Nuneaton is one of those mostly non-descript places. The highlight of the brief pass-through was the local college, a 60s style architectural lump enlivened by its name: Etone College. Yep, that's right. Etone. At least someone has a sense of humour here. No Bullingdon Club, I bet though.

We sidled up to the bar, where there ensconced were two regulars. Baz, who we never met but whose name was emblazoned across the back of his football shirt..Man City, I believe, or maybe Coventry (I couldn't see the front, but sky blue in any case), and Friendly Guy.

Friendly Guy was sampling the ale offer. George asked for beer and chips (I had a feeling that nothing healthy was going to cross my lips this night). Friendly Guy helpfully offered up that there was no hot food, except for Sunday perhaps. There was, however, a fish and chips shop across the way.

Instead we plumped for beer and nuts.

Brazil's Nuts, as it happens.

No, not Brazil Nuts...peanuts made (or at least endorsed) by Alan Brazil. He, you will no doubt recall, was a Scottish footballer for Ipswich who once his career hit the rocks, ended up playing in Woolongong, Australia, (believe or not I spent 10 days there, sort of a Nuneaton of Australia with beaches) and Baden, before being arrested for DUI and then starting up a nuts business. But it says none of that on the packet. Wikipedia, after the fact.

He was also a broadcaster on Talk Radio before he got sacked, with a flair for the malapropism and inappropriate comment. To wit:
Our talking point this morning is George Best, his liver transplant and the booze culture in football. Don’t forget, the best caller wins a crate of John Smith’s.'[12]
He also authored two books, one entitled: Both Barrels from Brazil – My War against the Numpties.

In short, a man's man. Never give in, Mr. Brazil.

His nuts are the equal of any bag of peanuts, I am here to tell you.

So, his product was worth a photo with Rafa, who topped up his protein snack with some crisps.

Anyway, what could have been a relative uneventful twenty minutes killing time was altered by George, who is still at the age where he will literally talk to anybody. Anybody. I used to be like that, but now I have been tempered by age and electronics.

But not George. Within a minute he had all but proffered his front door key and bank account details. But Friendly Guy was just that. He just wanted to talk.

Friendly Guy first asked us where we were all from, and somehow from that piece of information launched into a monologue about the Second World War, his father in Argentina (pronouncing Buenos Aires to rhyme with View and Air, as in Biew-Nos Ere-es) and how his father witnessed the sinking of the Graf Spee (though he didn't actually say Graf Spee, just that it was a sea battle on the River Plate where the Germans scuttled a ship  (the River Plate, incidentally, was thought by Magellan to be the passage to the Spice Islands, but I digress,in addition to adding parentheses)). He and George had a lot in common, namely fathers who were pilots in the war and ended up in Canada being trained. He said things like. My father went out to Biew-nos Eres, they were quite well off back then you know, well they would be wouldn't they? boats weren't cheap back then. He also digressed on the Ale offer, which involved having to come in 12 times a month , I believe, and draining the casks. This would not pose too much of a problem for him, I shouldn't think.  Friendly Guy was a ...friendly guy...balding, slight paunch (see ale consumption). George and Rafa and I were taking it all in when all of a sudden an elderly gent in a slightly shabby suit entered. He stopped in front of us, obviously struck by three men in suits.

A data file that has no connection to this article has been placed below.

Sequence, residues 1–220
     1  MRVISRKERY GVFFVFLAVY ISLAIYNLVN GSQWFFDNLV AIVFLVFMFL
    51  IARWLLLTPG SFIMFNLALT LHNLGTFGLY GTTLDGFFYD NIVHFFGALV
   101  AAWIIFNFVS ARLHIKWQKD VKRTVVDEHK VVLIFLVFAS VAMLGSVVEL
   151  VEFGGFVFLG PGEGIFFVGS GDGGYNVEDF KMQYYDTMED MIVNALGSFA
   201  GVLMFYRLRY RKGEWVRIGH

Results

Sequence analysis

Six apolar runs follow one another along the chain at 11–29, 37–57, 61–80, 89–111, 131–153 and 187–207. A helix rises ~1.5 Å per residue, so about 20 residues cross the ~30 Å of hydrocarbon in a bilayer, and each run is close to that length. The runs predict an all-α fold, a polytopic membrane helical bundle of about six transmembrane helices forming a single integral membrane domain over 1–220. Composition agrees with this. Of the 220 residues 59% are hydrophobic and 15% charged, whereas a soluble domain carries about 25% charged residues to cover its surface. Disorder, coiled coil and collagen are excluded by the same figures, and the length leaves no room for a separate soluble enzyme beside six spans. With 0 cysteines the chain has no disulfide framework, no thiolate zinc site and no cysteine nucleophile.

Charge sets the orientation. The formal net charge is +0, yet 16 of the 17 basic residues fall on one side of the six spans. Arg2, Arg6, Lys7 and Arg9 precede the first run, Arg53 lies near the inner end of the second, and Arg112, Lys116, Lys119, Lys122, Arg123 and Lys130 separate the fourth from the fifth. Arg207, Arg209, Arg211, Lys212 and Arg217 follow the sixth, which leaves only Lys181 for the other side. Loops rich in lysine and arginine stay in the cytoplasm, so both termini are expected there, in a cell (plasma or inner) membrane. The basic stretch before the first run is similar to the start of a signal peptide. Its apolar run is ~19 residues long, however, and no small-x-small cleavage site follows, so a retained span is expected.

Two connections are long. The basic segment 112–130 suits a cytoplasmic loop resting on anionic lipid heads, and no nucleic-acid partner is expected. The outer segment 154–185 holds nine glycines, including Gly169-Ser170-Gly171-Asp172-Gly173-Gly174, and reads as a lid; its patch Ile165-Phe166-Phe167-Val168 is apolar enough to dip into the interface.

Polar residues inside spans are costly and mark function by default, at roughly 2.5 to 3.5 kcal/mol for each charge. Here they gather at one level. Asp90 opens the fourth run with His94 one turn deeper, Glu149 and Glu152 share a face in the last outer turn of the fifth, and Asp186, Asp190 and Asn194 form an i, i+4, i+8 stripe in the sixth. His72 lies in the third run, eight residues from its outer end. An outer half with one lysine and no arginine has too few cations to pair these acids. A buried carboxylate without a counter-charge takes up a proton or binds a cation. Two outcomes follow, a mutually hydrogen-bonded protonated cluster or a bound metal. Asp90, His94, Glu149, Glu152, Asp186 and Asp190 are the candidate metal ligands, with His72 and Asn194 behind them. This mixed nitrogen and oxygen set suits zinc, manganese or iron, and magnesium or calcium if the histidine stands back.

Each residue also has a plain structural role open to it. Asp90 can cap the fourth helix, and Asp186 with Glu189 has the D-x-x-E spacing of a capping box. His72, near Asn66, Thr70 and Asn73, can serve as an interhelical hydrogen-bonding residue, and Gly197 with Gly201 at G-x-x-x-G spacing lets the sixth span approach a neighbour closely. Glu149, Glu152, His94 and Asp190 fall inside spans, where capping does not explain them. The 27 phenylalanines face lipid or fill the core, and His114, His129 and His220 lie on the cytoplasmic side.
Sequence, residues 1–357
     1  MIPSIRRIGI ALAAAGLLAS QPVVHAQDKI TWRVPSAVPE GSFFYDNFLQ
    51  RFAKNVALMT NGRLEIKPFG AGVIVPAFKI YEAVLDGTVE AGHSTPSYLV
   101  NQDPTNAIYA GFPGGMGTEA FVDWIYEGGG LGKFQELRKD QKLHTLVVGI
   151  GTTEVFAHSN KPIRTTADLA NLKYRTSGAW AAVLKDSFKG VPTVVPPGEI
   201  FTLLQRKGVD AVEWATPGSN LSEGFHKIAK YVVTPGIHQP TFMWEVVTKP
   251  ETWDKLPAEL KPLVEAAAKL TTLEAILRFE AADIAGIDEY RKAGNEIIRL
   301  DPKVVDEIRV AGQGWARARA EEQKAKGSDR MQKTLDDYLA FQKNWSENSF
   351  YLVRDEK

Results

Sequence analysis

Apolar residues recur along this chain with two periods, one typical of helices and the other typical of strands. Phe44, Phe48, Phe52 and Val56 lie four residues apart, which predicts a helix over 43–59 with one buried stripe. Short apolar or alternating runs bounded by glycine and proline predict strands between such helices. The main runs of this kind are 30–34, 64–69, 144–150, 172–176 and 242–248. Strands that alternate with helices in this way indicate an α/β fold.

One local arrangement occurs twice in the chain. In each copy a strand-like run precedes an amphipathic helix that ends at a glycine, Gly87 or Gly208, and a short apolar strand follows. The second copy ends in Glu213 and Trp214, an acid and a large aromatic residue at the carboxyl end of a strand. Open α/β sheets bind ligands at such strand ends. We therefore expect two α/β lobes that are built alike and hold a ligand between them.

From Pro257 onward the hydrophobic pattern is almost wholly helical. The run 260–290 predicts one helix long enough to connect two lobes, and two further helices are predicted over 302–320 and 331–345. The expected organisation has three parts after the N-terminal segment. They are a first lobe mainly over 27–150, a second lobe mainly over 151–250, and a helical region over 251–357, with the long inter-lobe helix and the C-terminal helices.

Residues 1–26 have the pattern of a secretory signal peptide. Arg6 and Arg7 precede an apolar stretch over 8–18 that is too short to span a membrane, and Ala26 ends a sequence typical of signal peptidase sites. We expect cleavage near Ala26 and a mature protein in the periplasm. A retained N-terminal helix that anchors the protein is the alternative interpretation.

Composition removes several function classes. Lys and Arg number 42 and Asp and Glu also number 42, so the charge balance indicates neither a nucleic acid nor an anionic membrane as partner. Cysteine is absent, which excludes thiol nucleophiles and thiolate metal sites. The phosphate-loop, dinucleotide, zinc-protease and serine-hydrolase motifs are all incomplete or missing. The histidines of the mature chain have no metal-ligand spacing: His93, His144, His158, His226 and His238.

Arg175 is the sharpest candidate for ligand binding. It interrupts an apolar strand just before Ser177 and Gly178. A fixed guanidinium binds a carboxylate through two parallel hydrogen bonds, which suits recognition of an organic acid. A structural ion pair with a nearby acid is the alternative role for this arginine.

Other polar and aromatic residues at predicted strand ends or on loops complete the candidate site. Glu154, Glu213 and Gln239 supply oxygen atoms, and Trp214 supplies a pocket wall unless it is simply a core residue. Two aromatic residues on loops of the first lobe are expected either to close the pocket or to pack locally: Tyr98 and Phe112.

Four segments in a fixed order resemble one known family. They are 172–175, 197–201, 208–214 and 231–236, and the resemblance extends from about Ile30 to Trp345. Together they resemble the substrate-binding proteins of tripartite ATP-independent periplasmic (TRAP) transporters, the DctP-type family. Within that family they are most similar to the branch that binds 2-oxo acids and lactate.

Are you here for the Scottish Free Masons meeting? he inquired.

Pardon me? I said.

Oh.....Are you Mormons then?

Worse, I replied. We're bankers.


That too.

He laughed and sat down next to us. Unusual, people in suits (though he wore one, of a fashion). He was tall, grey, slightly the worse for the wear and tear, and had a gash in the middle of his forehead which he ignored completely.